When you have a loved one with a rare disease, the importance of persevering to find new, innovative treatments takes on new meaning. This year on Rare Disease Day, I am excited to celebrate the advances we saw in treatments last year and the hope we have for continued progress in the years ahead.
Rare diseases are those that affect fewer than 200,000 people in the United States, but with more than 7,000 different rare diseases known today, nearly 1 in 10 Americans is living with a rare disease. Eighty percent of rare diseases – including the one impacting my family – are genetic in origin, making the rarity of each disease often unknown and treatment options especially limited. Today, approved treatments are available for just 5 percent of rare diseases.
But the hope for new treatments and cures has never been greater, with recent advances delivering on the promise of the science for patients. Today, PhRMA released a new fact sheet “Great Strides Against Rare Diseases” highlighting the advancements made for patients in the last year.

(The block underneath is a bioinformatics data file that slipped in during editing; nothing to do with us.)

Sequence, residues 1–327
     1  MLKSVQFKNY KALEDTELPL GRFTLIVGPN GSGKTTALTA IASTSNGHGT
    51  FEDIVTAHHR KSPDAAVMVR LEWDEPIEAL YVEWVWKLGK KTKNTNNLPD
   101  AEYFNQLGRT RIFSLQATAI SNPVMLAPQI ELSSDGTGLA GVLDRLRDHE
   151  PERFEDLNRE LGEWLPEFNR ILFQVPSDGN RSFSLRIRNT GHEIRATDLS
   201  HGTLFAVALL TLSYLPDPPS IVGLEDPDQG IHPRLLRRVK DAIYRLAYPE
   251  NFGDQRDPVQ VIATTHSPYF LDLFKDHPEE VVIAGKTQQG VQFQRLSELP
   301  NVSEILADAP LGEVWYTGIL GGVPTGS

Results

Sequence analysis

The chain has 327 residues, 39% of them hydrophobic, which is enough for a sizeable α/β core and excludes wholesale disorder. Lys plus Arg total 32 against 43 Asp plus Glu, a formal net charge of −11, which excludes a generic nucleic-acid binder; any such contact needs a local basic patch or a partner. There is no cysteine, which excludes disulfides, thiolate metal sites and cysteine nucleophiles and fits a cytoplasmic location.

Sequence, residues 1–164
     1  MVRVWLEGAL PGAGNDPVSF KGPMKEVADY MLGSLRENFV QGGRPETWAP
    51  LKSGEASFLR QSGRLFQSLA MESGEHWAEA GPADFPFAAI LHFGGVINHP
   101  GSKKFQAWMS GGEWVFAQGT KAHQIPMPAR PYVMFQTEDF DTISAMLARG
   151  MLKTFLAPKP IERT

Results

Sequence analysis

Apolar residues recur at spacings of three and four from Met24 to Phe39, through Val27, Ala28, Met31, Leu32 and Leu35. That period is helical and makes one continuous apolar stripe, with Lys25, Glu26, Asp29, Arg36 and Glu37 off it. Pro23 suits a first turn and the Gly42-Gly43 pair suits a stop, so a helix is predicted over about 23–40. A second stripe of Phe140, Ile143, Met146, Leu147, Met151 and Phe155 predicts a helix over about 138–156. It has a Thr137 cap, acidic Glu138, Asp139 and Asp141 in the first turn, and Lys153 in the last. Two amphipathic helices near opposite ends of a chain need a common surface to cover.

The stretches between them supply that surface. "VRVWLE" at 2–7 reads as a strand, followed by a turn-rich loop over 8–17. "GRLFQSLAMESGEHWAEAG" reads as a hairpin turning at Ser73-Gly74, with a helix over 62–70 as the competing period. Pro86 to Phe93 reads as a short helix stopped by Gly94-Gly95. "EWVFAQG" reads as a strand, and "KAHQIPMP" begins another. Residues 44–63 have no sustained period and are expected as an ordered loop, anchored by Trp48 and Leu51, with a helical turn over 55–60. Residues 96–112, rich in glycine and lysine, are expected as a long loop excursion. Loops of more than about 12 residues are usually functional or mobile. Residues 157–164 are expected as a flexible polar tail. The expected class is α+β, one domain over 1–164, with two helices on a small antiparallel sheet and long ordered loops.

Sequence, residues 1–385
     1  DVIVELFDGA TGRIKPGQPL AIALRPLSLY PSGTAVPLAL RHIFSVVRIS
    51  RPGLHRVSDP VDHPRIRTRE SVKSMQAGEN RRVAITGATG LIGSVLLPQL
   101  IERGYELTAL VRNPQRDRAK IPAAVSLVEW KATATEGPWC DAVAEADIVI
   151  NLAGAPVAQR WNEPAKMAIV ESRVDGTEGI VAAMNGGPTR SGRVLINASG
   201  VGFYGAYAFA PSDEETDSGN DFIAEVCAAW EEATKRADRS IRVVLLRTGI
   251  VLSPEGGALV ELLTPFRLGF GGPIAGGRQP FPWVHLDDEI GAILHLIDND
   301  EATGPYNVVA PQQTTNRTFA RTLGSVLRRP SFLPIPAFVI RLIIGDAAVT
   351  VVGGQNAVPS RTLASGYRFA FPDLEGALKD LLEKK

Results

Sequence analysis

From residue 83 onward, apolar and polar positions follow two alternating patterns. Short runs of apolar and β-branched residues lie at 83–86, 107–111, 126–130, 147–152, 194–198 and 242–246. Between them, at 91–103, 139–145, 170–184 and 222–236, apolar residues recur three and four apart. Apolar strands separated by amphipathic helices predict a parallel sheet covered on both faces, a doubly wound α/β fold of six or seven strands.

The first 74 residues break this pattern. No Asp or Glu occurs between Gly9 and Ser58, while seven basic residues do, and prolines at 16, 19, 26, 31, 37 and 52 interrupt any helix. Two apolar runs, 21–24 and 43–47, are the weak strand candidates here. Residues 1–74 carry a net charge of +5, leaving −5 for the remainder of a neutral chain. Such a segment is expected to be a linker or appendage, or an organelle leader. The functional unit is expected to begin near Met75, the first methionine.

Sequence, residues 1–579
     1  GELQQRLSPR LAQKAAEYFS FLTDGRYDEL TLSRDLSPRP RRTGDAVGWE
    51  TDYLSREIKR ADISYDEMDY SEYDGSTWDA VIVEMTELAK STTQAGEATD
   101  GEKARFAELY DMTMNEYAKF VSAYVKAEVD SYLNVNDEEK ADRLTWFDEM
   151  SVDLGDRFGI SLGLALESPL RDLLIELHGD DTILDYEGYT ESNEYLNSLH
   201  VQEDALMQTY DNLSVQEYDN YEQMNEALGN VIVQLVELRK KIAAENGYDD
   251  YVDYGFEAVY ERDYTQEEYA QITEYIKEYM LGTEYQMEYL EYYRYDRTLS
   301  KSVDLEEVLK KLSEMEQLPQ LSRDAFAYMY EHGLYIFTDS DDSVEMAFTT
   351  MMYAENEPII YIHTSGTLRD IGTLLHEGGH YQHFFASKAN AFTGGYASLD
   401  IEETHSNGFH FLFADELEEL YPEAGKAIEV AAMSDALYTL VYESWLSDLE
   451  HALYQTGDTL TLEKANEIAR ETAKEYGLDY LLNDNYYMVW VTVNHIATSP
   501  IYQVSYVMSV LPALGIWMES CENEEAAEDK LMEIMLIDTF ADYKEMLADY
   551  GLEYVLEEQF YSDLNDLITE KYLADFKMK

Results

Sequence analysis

2015 was a banner year for advances in rare disease treatments:
- 47 percent of new drug approvals were for rare diseases (A noteworthy uptick over the average of just over 35 percent in the last five years)
- 8 first-in-class treatments, representing entirely new ways for treating disease
- 11 new cancer therapies
- 5 new medicines for pediatric patients
- New treatments for cystic fibrosis, difficult-to-treat high cholesterol and several enzyme deficiency disorders
The fact sheet explores 2015 treatment advances in rare diseases, including new therapeutic options for patients with multiple myeloma and cystic fibrosis, as well as new treatments for several rare diseases affecting pediatric patients.
Together as industry, patients and advocates, we must continue to work together to foster research and development for these complex and challenging disease areas and maintain incentives critical to bringing new medicines to patients. The biopharmaceutical industry is committed to finding new treatments and cures for patients with rare diseases, and with 450 medicines in development, patients have more hope than ever before.